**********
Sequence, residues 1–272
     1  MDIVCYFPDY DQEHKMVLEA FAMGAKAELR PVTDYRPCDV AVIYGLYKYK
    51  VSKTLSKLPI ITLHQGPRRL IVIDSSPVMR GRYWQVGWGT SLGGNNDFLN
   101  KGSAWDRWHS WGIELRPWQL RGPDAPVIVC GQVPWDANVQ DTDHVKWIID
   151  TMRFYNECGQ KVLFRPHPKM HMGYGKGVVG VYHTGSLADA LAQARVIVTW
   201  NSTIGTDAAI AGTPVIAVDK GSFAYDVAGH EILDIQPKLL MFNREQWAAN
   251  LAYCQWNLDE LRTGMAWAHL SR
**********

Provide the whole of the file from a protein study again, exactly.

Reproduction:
Sequence, residues 1–272
     1  MDIVCYFPDY DQEHKMVLEA FAMGAKAELR PVTDYRPCDV AVIYGLYKYK
    51  VSKTLSKLPI ITLHQGPRRL IVIDSSPVMR GRYWQVGWGT SLGGNNDFLN
   101  KGSAWDRWHS WGIELRPWQL RGPDAPVIVC GQVPWDANVQ DTDHVKWIID
   151  TMRFYNECGQ KVLFRPHPKM HMGYGKGVVG VYHTGSLADA LAQARVIVTW
   201  NSTIGTDAAI AGTPVIAVDK GSFAYDVAGH EILDIQPKLL MFNREQWAAN
   251  LAYCQWNLDE LRTGMAWAHL SR